You are never too old to sing. A city music teacher is making dreams come true with her belief that music is a way to healing and happiness
Light classical music teacher Manasi Kelkar-Tambe is spreading love for music to her students in the city, through Swarmaanas. With classes in Matunga, Dadar and one coming up in Bandra, Swarmaanas has a pan-city reach, which was Kelkar-Tambe’s aim.
MUSICAL CHORDS: Manasi Kelkar-Tambe (c) with her students. Pics/ Sameer Markande
She says, “I started Swarmaanas 13 years ago with the goal of enabling my students to express themselves through music. I want music to be used for a good cause. I never refuse a student and take it as a challenge to teach light classical music to people of all ages. No person should be stopped from singing.”
ANGEL VOICES: The under-10 group trained at Swarmaanas performs
For Saraswati Agashe (75), Manasi Kelkar-Tambe is her guru (teacher). She says, “Age is not a criteria, it is about what one can learn. I started learning two years ago at 73. When I was young, girls were not allowed to go for classes and learn to sing. So this wish that I had, I am fulfilling now. I love singing and want to get better. Manasi is helping me do just that.”
The class at Dadar has 16 senior citizens, mostly women, who come together and pursue their passion for music. Kelkar-Tambe says, “To learn; only passion is needed. Age is just a number. Songs and melody comes from the heart. If it makes someone happy, then they are singing no matter if they are off tune. I try to help my students go from Level I to III. If I manage to help them improve, I have done my bit as a teacher.”
JOY OF SINGING: The senior citizens group performs at the Dadar-Matunga Cultural Centre
Vandana Karve who runs Aawahanpalak Sangh, a Non Government Organisation (NGO) at Dadar for the mentally challenged, has Kelkar-Tambe coming once a week to teach the students. She says, “The 16 girls and 2 boys who are taught every Tuesday for an hour by Manasi, have benefited a lot. They have learnt to sing in tune, with rhythm. They are learning to write and read music which is refreshing to see. They have been learning from her for the last three years. Music has become a means of joy for them.”
MOMENT OF PRIDE: Manasi Kelkar-Tambe (l) with film and television actor Sukanya Kulkarni-Mone at the Swarmaanas academy performance
S Shewade, father of Anuradha, a mentally challenged student says, “My daughter is socialising better and her etiquette has also improved. She has benefited from the group, from her teacher and from music. Whenever she sings, she is always smiling and happy.”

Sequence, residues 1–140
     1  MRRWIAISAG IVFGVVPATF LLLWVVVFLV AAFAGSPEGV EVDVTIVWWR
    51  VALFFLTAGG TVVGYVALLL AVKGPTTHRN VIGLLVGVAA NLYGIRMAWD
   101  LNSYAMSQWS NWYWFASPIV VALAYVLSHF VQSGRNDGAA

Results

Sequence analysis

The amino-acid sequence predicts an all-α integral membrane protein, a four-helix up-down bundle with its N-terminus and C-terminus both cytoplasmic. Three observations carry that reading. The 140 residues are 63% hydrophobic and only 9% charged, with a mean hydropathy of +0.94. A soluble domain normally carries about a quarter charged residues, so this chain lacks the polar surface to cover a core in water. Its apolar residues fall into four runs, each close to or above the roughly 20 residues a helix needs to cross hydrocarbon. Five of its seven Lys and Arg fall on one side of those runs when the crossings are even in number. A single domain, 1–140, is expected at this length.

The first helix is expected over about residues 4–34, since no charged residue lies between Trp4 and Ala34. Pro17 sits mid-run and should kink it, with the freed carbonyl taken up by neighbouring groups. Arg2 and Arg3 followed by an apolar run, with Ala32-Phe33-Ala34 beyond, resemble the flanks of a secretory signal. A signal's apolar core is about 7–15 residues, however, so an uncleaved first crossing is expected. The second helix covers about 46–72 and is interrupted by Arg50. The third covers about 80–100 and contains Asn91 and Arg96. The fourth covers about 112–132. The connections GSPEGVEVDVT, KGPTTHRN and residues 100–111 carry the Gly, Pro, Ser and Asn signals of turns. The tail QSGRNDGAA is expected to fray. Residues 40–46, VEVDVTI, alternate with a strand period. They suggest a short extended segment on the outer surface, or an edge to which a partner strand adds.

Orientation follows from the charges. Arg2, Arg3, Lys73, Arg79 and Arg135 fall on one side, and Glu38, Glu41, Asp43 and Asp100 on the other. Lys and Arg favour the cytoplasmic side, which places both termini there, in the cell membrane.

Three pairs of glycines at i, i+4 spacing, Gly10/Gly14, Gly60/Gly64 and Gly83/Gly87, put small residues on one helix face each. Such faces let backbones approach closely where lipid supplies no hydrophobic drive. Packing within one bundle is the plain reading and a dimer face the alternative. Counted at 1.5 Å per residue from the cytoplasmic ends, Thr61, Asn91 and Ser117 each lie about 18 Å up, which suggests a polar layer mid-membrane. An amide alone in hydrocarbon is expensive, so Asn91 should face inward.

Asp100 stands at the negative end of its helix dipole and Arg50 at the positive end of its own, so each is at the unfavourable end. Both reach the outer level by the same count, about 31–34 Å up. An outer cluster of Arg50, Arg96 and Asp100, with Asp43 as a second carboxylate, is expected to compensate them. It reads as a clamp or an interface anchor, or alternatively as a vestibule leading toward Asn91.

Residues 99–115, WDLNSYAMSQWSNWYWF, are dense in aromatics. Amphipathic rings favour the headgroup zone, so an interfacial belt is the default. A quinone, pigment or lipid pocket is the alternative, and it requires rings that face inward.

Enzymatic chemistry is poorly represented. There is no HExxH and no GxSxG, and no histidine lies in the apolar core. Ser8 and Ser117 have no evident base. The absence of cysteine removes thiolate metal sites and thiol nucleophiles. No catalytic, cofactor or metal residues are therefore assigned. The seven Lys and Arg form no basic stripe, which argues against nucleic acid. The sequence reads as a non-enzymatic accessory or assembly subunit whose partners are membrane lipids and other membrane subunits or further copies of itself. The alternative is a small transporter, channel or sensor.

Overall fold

Kelkar-Tambe says, “I have seen music change the lives of many of my students. I don’t charge the mentally challenged students and I am planning to teach blind students also. Singing is my talent and sharing it with others gives me immense joy. I always give my students lots of love and care. It is not about what you say, but, about how you say it.
PERSONALITY: The mentally challenged students have found new expression through light music
With senior citizens and mentally challenged students, as a teacher I have to be very careful.” “I now sing and do most of my work. My grandchildren always appreciate my singing. At the class we have formed a group and have become friends. We celebrate birthdays, festivals, and other occasions.
“It is as though music has changed our lives and bonded us as one big family with Manasi as the main link. She teaches through actions and makes us listen to music and learn which is very easy to grasp,” says Agashe.
“Music has become very commercial today. The therapeutic dimension of it is missing. Through Swarmaanas, I want to spread classical, folk and light music to the common man. Music is for all, and is about healing and happiness which I try to spread through my teaching,” ends Kelkar-Tambe.
106 The number of students who are currently taught by Manasi Kelkar-Tambe’s Swarmaanas between 3 and 75 years of age
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